Printing & Steaming Building.
Much of the foreground was cleared of buildings in the 1960’s. The buildings here were the Making Up, Stitching & Damping Room, and the Colour and Roller Store
Growing up in the magnificent Lancashire town of Bolton, I was surrounded by the derelict and decaying remnants of the towns textile industry. Textiles brought vast wealth to Bolton, or at least to some people in Bolton, to the rest it brought a poorly paid job, and probable deafness due to the incredible noise on the shop floor from the machinery and line shafting. The textile industry, like many other northern industrial towns shaped the urban and rural landscape of Bolton, with great multi storey mills, huge brick chimneys, vast jagged roofed weaving sheds and street after street of terraced housing. And like many other northern towns, textile wealth bought a grand civic centre, Bolton town hall and the adjacent Le Mans crescent (named after Bolton’s twin town in France), is as grand an example of the vernacular as you are likely to find.
But by the 1950’s the industry was in trouble, threatened by cheap imports. A great consolidation of the industry in the late 50’s saw many mills close, and many stayed empty and were demolished in the 1960’s and 1970’s. Others remained in use by catalogue companies as distribution warehouses, others were sectioned off into multiple occupation industrial units, which generally meant a long slow decay. Eventually, the majority of the great chimneys that belched out smoke over the town for generations, were brought crashing to earth, many by local steeplejack turned celebrity tv historian, the late Fred Dibnah.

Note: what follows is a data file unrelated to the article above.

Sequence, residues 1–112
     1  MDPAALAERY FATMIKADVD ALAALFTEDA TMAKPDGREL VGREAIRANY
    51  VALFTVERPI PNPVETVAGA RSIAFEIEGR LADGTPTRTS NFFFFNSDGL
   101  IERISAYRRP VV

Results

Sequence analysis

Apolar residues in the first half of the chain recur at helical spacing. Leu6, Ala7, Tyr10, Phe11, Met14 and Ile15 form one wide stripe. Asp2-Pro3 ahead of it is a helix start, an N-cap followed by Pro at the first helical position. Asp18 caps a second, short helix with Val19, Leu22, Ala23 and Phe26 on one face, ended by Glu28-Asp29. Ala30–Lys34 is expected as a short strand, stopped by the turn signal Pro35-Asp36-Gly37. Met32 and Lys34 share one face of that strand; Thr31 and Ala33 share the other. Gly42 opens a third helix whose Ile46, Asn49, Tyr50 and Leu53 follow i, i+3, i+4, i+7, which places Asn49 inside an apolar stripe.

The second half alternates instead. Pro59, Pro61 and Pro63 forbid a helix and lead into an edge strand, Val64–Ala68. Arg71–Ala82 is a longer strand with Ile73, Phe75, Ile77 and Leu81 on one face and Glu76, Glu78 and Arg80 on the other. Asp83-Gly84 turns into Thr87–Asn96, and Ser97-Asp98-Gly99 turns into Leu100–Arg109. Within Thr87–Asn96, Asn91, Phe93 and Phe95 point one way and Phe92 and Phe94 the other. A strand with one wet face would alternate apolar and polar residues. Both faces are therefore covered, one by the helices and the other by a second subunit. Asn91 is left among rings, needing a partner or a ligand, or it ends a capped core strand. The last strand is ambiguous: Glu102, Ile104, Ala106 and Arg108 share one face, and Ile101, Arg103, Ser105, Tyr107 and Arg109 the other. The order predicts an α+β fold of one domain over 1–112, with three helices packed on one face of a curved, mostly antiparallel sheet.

It’s against this backdrop that my visual literacy was formed, and influenced. By the 1980’s, Bradshaw Works, an old bleachworks near the estate I grew up on, was largely derelict and many an hour was spent mooching round the sprawling site that once employed over 800 people. Memories also of drawing the old Cotton mills that overlooked our art classroom before they fell before the swinging iron ball of the demolition contractors.
Printing & Steaming Building.
So, I’ve still got a bit of a fondness for textile mills, and I’ve explored quite a few derelict ones over the past few years, so I’ll be posting a few images over the next week or two of some of my better snaps.
These first ones are of the place that probably most influenced my interest, the aforementioned Bradshaw Bleachworks. It was originally intended by the developers to retain the two large stone buildings and convert them to apartments, but they were in such a poor state that they ended up being demolished, and a single new apartment block was built vaguely in the position and style. I took these photos in 1989 for my GCSE Geography project on the urban environment, just as the demolition contractors were moving in.
Three storey Stenter Building of 1871. The boilers were in the basement.